UBS’s rise coincided with a bruising half-year for Amundi © REUTERS

UBS Asset Management has leapfrogged Amundi as the largest European manager of retail investor assets, as wild market swings this year led to a reversal in the fortunes for the region’s leading fund managers.

UBS increased its assets in retail and exchange traded funds to €308bn in the first half of 2020, making it the biggest Europe-headquartered manager of such funds, according to data provider Morningstar.

The Swiss group’s rise coincided with a bruising half-year for Amundi, which previously held the title. Investors withdrew a net €8.9bn from Amundi’s retail funds sold to European investors over the period, with assets in the strategies down from €319bn to €287bn.

US giant BlackRock retained its position at the top of the Morningstar ranking, which excludes institutional mandates and money market funds. The group managed €814bn in European retail investor assets across its active fund business and passive iShares unit at the end of June.

Investors’ fee sensitivity was another reason behind shifts in the manager ranking. Low-cost Vanguard jumped six places year on year to rank just below Amundi, displacing established active houses including JPMorgan, Credit Suisse and Pimco.

The shake-up underlines how the market ructions unleashed by the pandemic knocked some managers off course while boosting others.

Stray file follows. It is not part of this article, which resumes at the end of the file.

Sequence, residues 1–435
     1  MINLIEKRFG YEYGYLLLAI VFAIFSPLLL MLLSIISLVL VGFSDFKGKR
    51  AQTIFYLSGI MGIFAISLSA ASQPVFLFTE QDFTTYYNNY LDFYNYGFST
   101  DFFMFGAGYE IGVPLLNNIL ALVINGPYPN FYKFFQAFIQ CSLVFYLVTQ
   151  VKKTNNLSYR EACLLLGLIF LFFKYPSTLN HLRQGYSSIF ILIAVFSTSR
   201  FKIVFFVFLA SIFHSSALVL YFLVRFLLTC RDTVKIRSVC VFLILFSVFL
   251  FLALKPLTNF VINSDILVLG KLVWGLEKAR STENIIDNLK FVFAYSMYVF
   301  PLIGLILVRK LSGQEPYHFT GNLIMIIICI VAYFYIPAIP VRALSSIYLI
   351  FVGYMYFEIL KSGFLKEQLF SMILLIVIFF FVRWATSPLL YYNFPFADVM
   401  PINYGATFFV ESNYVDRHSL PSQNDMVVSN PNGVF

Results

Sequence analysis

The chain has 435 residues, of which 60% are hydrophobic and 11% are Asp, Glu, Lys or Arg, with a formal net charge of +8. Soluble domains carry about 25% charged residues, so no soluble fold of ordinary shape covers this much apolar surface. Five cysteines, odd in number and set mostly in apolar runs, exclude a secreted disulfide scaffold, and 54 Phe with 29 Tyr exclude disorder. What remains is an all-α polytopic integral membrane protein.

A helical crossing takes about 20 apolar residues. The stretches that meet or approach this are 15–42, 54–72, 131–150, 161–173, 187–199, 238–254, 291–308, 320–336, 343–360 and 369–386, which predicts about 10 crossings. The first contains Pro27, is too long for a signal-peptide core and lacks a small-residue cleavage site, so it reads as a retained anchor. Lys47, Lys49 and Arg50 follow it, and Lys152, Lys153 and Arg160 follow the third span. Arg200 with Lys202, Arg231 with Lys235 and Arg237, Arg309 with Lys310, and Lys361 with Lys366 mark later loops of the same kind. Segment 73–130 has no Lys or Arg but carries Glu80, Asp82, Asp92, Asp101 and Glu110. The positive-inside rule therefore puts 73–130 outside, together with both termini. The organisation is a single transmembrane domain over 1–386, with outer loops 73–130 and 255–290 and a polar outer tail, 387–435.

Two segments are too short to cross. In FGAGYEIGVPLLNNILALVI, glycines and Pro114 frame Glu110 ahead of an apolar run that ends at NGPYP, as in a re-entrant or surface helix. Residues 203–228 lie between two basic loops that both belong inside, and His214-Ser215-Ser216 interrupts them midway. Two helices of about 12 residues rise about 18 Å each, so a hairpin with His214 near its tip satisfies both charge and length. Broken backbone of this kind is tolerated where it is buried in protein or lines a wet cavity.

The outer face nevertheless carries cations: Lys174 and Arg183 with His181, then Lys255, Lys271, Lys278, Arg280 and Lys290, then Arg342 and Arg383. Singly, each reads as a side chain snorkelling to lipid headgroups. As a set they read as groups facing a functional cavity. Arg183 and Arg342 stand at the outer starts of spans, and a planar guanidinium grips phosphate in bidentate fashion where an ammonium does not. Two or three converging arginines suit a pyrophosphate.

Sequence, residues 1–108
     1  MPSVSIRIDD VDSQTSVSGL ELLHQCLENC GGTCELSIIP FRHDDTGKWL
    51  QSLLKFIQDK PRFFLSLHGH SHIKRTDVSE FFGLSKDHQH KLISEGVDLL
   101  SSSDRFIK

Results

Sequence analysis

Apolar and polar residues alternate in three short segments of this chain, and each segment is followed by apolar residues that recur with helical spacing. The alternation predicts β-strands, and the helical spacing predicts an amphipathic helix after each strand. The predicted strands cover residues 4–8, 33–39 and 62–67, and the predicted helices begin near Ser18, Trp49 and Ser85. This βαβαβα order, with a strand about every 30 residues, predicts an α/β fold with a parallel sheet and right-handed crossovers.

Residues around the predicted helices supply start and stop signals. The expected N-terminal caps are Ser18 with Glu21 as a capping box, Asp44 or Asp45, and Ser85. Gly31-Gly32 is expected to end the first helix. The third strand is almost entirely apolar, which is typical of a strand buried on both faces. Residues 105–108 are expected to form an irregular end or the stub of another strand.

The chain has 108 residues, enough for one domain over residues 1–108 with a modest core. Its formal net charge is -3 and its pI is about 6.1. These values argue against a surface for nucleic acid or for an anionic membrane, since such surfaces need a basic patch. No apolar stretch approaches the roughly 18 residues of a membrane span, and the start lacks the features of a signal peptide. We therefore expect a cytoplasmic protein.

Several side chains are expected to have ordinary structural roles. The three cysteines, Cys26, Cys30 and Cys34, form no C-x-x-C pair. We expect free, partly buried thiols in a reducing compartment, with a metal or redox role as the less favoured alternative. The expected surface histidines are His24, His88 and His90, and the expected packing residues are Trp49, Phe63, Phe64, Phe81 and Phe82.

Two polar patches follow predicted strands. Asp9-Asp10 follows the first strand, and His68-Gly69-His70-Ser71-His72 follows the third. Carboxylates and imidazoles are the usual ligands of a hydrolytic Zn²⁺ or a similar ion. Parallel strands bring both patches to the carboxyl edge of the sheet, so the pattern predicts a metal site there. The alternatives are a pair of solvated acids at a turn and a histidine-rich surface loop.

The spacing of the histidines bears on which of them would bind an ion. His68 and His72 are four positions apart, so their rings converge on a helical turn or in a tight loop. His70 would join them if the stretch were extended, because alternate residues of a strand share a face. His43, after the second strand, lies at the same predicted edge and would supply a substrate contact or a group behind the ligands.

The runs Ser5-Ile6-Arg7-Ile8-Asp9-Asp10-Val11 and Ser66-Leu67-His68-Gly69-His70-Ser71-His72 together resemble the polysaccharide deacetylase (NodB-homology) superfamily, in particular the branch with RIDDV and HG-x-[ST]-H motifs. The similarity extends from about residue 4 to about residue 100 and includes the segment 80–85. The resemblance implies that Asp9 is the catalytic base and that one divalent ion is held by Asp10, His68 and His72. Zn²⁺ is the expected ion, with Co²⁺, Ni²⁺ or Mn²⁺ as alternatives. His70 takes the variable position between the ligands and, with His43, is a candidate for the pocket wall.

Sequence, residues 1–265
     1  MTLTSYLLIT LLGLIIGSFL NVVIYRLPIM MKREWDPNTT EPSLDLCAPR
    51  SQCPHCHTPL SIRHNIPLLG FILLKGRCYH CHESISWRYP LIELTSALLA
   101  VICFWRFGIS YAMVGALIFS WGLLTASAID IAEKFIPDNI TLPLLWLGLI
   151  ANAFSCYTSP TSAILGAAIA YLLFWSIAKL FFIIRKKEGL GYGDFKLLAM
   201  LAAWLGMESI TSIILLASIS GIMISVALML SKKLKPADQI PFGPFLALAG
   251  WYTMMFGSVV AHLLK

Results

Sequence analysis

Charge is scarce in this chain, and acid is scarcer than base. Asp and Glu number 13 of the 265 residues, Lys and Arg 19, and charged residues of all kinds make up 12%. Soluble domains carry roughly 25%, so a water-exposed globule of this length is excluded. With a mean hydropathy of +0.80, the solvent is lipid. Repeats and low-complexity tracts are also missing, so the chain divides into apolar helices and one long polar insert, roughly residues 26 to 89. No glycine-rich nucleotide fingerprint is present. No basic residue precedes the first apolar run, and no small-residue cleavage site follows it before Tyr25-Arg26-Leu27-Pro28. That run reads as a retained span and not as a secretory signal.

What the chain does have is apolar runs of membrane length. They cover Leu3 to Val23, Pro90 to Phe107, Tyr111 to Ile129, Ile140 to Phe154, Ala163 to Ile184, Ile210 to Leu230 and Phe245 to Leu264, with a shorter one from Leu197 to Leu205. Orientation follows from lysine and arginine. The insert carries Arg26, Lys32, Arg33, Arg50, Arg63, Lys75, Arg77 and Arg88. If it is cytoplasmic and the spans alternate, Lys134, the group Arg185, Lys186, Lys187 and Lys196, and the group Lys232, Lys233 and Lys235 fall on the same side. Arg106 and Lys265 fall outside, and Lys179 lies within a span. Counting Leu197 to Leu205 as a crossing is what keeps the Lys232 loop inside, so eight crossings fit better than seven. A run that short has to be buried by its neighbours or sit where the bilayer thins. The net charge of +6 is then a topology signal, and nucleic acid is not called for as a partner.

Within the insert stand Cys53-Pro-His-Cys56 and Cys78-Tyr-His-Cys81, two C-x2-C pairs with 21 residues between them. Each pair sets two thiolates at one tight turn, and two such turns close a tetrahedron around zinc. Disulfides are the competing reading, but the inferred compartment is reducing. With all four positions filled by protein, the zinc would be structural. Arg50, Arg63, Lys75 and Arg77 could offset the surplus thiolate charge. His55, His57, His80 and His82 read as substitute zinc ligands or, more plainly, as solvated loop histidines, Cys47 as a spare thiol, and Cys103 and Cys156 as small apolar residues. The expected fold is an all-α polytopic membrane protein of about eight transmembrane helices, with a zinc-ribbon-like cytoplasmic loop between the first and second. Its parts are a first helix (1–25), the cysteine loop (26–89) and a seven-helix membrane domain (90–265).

“There has been some mixed results for asset managers with some seeing hugely positive inflows while others have had a tougher time,” said Ryan Hughes, head of active portfolios at investment platform AJ Bell.

UBS’s net inflows of €9.3bn were driven by investor demand for its US government and investment-grade corporate fixed income funds on the back of the Federal Reserve’s emergency bond-buying programme, said Morningstar analyst Wing Chan. It also benefited from flows into its China equity fund range, which is the largest of any global investment house, according to Morningstar.

By contrast, Amundi suffered significant redemptions from several of its ultra-short euro bond funds and its emerging markets strategies. It declined to comment.

UBS and Amundi have long jostled for the position of Europe’s largest fund manager, with Amundi holding the crown for the last two years. The French asset manager, which was formed via the merger of the fund units of Société Générale and Crédit Agricole, has achieved strong growth since its 2017 purchase of Pioneer Investments, which increased its international distribution reach.

UBS held the title of world’s largest asset manager before the global financial crisis but struggled to recover after haemorrhaging of assets in 2008. A senior fund industry adviser who asked not to be named said UBS’s recent progress was due to better client service and closure of many “bells and whistles” funds.

The adviser cautioned UBS was a “work in progress” and it was too early to tell whether the shift in the ranking would be long lasting. “Fund managers’ fortunes ebb and flow. Some investment strategies work in some environments but not others,” the person said.

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